PDI (protein disulfide-isomerase) catalyses the formation of native disulfide bonds of secretory proteins in the endoplasmic reticulum. PDI consists of four thioredoxin-like domains, of which two contain redox-active catalytic sites (a and a′), and two do not (b and b′). The b′ domain is primarily responsible for substrate binding, although the nature and specificity of the substrate-binding site is still poorly understood. In the present study, we show that the b′ domain of human PDI is in conformational exchange, but that its structure is stabilized by the addition of peptide ligands or by binding the x-linker region. The location of the ligand-binding site in b′ was mapped by NMR chemical shift perturbation and found to consist primarily of residues from the core β-sheet and α-helices 1 and 3. This site is where the x-linker region binds in the X-ray structure of b′x and we show that peptide ligands can compete with x binding at this site. The finding that x binds in the principal ligand-binding site of b′ further supports the hypothesis that x functions to gate access to this site and so modulates PDI activity.
PDI (protein disulfide-isomerase) is a key enzyme responsible for the formation of native disulfide bonds in proteins that enter the secretory pathway of eukaryotic cells. PDI is a multifunctional protein able to catalyse the oxidation and isomerization of disulfide bonds, as well as to bind to unfolded proteins and act as a molecular chaperone . The isomerization of incorrectly paired cysteine residues is often a rate-limiting step on the folding pathway of disulfide bond-containing proteins both in vitro and in vivo [2–4]. The ability of PDI to combine redox and molecular chaperone-like activities allows it to bind to partly structured folding intermediates and to catalyse simultaneously protein folding and associated native disulfide bond formation . PDI is the archetype of a large family of ER (endoplasmic reticulum)-resident PDI-like proteins .
PDI contains four thioredoxin-like domains, two of which, like thioredoxin itself, have redox-active catalytic sites (a and a′) and two of which do not (b and b′). The domain order is a-b-b′-x-a′-c, where x is a 19-residue linker between the b′ and a′ domains  and c is a C-terminal acidic tail containing the KDEL (Lys-Asp-Glu-Leu) ER-retention signal. The a and a′ domains are responsible for the redox activity of PDI, whereas the b′ domain has been shown to be essential for ligand binding . The b′ domain binds both small and large peptide ligands, although large ligands also require the a and a′ domains to contribute to the overall binding interaction [8,9]. The b′ domain is likely to control the substrate specificity of PDI and is known to be required for disulfide isomerization reactions in protein substrates . In ERp57, a PDI family member that is specific for the lectin-like molecular chaperones calnexin and calreticulin, the b′ domain contains the binding site for these proteins allowing the lectins to recruit nascent glycosylated polypeptides to the isomerase to facilitate folding [11,12].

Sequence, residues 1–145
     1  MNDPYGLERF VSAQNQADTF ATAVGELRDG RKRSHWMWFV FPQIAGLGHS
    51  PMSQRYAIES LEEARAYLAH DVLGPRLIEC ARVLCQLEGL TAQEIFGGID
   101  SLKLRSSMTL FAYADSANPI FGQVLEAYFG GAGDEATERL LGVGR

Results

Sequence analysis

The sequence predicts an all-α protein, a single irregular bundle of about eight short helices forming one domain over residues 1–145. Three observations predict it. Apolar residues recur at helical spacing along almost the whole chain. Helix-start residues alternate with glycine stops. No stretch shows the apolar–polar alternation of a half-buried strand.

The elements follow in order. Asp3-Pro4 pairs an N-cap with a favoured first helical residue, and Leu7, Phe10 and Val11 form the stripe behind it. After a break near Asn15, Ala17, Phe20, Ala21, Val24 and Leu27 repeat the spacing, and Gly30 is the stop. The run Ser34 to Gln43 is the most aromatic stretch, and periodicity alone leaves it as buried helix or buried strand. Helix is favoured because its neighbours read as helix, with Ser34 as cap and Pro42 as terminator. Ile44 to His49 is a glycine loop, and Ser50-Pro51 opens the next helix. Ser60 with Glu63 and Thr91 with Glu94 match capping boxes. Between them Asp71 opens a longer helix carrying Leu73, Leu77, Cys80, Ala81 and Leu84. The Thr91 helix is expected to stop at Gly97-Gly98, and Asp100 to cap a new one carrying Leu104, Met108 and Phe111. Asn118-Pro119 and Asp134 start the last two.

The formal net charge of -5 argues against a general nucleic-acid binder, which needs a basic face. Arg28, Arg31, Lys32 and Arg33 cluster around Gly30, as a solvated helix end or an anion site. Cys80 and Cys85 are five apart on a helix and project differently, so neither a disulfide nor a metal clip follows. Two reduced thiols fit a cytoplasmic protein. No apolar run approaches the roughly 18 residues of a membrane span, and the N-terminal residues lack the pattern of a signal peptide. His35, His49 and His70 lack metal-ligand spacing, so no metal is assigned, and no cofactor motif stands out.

PDI has proved to be a difficult protein for three-dimensional structure determination. The first structure for a full-length PDI (yeast Pdi1p) was not published until 2006 , although abundant protein from a variety of sources has been available for many years. This structure was obtained from crystals of yeast Pdi1p grown at 4 °C and revealed a twisted U-shaped molecule where the b and b′ domains make up the valley floor and the a and a′ domain are positioned either side with their redox-active catalytic sites facing one another across the central cleft. The U is lined with hydrophobic residues thought to constitute the ligand-binding site. The b′ domain provides the core of this putative binding site, with the a and a′ domains contributing hydrophobic residues around their active sites. The b domain extends the hydrophobic site on b′ and may be important for binding larger molecules. A second crystal form of yeast Ppi1p grown at a higher temperature has shown that the full-length molecule is conformationally flexible with respect to the orientation and position of the a domain to the rest of the molecule ; such flexibility will tend to prevent regular crystal formation.